Never use my death as an excuse for anything, but motivation for everything.
Stefanie Spielman (1967-2009)
by Charles Moncrief
My wife is a survivor of breast cancer since 1998. We met Stefanie and Chris on one of their fundraising cruises in 2008, benefiting the James Cancer Center in Columbus. We were both impressed with their warmth as well as their endless energy. We were also deeply touched by Stefanie's compassion toward those going through this disease. At the survivor breakfast Stefanie talked for about 45 minutes and then opened the floor for comments. Several responded, all motivated to pay forward the encouragement they had received from Stefanie. Since we’re from Dallas, we could celebrate but not participate in this response. Nonetheless, we were inspired by Stefanie's words. And we were grieved by Stefanie’s closing comments, announcing that the cancer had come back. Something told my wife and me that Stefanie’s life would end soon, and our hearts sank the following year when the news came.
Stefanie (left) and my wife Ruth
I could continue to tell stories of Stefanie’s heroics near the end of her life, and of Chris’ heroics before and since. But that would defeat my purpose. Everyone diagnosed with cancer starts out as a survivor, and everyone who has been through the affliction is a hero. That’s all I have to say on the subject.
I want instead to address is the use of an adversity as an excuse, and the use of the adversity as motivation. The adversity may be a loved one’s pending or death, or the memory of a loss that has already occurred. The adversity may be a relationship about to end as a result of brokenness, or one that has already ended. The adversity may be our doctor’s pending diagnosis, or a diagnosis that we’re still trying to absorb.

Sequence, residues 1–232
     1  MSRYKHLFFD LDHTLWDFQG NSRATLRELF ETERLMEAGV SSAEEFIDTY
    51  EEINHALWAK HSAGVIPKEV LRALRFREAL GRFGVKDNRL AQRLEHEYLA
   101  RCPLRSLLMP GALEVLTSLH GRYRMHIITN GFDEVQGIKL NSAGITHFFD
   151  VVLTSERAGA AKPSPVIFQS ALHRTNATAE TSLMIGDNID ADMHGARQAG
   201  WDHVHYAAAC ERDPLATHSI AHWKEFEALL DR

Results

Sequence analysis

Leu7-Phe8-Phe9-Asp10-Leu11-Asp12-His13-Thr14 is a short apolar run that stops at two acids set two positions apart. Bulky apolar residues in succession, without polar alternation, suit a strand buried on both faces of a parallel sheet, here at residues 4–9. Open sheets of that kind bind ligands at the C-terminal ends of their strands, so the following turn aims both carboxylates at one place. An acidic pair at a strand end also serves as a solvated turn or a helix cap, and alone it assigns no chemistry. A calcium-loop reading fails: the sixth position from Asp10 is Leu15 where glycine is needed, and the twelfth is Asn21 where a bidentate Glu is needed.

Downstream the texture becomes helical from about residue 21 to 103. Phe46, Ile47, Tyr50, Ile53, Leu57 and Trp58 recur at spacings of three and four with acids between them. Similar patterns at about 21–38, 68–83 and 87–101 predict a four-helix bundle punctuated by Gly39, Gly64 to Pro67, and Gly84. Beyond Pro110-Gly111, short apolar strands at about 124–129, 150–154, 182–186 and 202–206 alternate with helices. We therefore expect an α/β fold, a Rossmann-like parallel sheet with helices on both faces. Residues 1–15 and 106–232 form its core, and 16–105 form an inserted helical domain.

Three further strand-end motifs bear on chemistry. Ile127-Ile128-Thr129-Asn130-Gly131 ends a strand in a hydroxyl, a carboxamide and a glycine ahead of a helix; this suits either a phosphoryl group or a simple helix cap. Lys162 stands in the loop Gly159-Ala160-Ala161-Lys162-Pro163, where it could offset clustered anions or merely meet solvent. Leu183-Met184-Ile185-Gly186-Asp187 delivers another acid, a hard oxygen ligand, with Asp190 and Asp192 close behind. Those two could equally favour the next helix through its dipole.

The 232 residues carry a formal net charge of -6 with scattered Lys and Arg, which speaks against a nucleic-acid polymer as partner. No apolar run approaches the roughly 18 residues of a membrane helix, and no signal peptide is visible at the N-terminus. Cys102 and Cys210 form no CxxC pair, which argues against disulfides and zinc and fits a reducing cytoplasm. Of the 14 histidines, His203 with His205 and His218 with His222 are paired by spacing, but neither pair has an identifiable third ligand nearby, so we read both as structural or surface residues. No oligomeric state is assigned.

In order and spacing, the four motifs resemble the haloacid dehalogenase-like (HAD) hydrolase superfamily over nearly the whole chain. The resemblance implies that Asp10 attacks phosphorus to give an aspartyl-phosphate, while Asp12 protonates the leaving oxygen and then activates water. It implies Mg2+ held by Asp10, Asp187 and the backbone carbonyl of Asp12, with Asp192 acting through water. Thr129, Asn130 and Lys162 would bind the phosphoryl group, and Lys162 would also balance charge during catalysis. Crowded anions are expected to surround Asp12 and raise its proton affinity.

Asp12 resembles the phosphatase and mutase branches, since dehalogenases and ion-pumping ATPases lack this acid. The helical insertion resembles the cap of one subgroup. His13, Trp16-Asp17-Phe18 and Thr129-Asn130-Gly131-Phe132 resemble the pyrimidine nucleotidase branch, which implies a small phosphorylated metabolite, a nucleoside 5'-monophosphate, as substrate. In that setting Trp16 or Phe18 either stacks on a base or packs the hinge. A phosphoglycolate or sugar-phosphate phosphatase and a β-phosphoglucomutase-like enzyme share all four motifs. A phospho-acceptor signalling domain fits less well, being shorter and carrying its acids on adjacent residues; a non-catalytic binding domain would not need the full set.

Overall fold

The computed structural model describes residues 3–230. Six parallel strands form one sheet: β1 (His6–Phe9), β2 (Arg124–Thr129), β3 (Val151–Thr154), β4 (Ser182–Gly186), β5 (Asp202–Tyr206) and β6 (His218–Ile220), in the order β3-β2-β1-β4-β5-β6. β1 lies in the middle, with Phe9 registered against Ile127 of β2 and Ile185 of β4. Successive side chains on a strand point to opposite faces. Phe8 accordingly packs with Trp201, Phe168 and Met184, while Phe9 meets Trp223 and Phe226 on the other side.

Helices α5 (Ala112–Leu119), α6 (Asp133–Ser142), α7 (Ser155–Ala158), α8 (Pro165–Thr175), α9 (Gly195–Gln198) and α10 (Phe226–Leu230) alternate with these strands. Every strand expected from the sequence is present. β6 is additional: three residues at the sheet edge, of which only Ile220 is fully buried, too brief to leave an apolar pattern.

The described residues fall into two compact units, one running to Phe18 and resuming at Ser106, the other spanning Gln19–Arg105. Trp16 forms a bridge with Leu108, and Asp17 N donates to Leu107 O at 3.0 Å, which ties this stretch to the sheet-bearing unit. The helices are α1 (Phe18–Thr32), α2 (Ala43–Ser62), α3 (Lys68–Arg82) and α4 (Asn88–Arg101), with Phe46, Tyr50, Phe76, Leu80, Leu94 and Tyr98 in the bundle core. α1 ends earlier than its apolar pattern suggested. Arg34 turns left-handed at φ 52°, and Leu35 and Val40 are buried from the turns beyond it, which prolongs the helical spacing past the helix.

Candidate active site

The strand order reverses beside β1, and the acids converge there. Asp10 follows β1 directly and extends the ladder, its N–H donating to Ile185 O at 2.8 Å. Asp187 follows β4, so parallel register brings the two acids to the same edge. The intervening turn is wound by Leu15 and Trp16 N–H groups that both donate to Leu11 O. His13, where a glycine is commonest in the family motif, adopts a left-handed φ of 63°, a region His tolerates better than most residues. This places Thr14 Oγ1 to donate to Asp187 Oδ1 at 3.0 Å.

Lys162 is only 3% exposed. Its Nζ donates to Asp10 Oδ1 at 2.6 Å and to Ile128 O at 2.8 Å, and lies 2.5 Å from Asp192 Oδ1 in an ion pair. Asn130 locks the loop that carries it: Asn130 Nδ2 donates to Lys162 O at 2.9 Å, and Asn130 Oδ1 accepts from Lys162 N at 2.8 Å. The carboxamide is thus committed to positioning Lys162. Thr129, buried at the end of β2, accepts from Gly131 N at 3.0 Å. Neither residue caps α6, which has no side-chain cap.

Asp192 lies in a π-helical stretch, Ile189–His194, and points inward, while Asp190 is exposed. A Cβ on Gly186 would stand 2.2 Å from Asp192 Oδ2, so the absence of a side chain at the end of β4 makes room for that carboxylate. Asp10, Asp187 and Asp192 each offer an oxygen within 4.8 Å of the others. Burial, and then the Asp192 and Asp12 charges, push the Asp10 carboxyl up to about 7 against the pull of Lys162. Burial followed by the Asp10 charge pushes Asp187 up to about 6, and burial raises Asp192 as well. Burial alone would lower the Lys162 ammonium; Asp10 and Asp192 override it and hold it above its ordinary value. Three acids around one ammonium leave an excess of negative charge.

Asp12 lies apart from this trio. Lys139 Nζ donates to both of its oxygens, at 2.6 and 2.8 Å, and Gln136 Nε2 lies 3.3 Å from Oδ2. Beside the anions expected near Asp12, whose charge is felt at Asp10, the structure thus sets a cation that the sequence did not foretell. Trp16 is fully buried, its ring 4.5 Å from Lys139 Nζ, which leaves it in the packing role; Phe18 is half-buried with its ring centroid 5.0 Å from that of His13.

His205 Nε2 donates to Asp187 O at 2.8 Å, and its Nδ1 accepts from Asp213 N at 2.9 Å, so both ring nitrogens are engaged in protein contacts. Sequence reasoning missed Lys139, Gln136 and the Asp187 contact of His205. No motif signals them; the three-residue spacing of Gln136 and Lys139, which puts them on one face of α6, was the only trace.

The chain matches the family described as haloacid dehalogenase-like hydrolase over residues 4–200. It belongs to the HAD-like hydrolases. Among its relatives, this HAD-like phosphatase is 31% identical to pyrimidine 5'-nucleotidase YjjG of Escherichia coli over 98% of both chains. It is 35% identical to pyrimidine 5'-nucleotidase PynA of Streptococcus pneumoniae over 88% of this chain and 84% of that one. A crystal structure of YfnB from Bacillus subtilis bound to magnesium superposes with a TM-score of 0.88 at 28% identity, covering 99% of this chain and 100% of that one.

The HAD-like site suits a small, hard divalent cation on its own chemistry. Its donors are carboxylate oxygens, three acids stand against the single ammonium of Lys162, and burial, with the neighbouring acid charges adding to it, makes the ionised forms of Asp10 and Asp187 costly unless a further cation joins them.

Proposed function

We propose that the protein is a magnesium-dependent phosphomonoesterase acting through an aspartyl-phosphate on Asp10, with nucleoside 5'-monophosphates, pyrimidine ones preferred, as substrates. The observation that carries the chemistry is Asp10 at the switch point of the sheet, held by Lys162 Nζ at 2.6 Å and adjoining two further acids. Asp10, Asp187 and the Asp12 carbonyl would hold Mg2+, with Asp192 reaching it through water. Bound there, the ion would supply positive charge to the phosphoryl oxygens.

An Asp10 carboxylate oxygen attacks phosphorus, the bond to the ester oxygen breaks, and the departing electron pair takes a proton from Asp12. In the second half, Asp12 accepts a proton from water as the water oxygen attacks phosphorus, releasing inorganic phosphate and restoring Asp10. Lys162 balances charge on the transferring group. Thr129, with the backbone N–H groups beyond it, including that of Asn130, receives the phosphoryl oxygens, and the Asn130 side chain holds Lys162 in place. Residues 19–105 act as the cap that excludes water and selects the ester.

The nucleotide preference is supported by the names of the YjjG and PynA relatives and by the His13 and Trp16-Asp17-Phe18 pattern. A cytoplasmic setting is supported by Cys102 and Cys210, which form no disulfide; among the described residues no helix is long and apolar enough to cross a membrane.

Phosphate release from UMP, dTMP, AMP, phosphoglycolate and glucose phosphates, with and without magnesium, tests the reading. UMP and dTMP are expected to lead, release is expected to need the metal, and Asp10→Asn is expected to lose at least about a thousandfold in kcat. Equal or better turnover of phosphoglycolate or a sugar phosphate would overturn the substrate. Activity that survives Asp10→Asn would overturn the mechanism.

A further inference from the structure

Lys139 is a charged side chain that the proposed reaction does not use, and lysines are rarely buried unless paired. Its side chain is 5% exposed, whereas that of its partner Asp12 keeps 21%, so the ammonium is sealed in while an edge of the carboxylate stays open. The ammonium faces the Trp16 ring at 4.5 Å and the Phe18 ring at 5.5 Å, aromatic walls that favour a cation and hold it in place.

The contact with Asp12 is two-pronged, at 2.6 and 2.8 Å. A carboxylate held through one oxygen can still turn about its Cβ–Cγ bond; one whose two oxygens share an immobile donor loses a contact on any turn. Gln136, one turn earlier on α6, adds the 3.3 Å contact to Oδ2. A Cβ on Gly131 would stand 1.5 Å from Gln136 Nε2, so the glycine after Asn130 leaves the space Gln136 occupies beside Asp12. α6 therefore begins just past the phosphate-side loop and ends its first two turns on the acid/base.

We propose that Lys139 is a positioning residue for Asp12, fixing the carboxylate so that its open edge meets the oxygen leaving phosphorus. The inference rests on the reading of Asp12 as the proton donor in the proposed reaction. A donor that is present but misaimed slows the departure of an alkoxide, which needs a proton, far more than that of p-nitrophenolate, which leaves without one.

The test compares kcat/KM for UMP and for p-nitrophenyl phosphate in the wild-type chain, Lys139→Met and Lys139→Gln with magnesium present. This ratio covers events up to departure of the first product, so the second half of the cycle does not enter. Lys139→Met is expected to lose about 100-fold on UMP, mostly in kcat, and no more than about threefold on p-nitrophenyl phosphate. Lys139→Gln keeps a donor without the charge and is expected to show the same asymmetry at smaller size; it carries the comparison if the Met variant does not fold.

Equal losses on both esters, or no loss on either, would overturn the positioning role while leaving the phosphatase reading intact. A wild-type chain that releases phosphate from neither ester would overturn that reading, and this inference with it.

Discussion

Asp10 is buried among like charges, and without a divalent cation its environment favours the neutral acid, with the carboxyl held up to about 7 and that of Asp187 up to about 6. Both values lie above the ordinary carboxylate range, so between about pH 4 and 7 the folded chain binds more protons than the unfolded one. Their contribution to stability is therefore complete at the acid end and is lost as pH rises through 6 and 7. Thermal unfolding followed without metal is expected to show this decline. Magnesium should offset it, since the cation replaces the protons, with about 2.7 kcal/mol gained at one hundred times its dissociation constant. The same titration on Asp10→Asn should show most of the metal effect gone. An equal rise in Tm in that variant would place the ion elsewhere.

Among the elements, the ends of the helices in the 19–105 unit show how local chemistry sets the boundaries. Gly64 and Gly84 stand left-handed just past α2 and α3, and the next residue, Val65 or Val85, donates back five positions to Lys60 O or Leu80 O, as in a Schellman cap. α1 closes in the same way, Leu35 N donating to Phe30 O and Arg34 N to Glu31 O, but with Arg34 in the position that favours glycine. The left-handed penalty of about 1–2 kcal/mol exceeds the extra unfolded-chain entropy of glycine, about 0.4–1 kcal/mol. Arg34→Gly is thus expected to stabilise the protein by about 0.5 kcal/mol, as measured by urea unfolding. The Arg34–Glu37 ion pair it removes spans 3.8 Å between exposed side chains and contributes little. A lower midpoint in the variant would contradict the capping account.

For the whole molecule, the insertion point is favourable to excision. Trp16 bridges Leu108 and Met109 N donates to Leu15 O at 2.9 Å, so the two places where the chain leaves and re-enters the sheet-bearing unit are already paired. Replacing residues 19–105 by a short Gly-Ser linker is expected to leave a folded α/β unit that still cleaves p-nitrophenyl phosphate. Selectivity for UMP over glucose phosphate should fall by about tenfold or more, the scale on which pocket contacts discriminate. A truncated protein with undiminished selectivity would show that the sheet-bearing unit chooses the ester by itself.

How we will respond to any adversity in our lives, whether as an excuse or as a motivation, is largely -- though not exclusively -- our choice to make. In more than one speech, Chris Spielman said he has much to do. Sometimes spoken, sometimes unspoken, Chris always acknowledges the absolutely essential part that those in his support base have played as he goes forward in his life. The value of those who walk alongside us in adversity is greater than gold.
Grace and Peace,
Let me add a postscript to this idea of walking alongside someone. I didn’t have to walk with my wife as she struggled through cancer and her life since then. Rather, I got to walk with her. It was one of the greatest privileges of my life.
Anglican Priest, Charles Moncrief, serves up the issues of the day on a platter mixed with scripture, seriousness, and a sense of humor to create a ministry founded in love for his fellow man.
“I’m an Anglican Priest, disguised as a geek during the week. It’s REALLY tough to change my costume, since phone booths are getting hard to find!”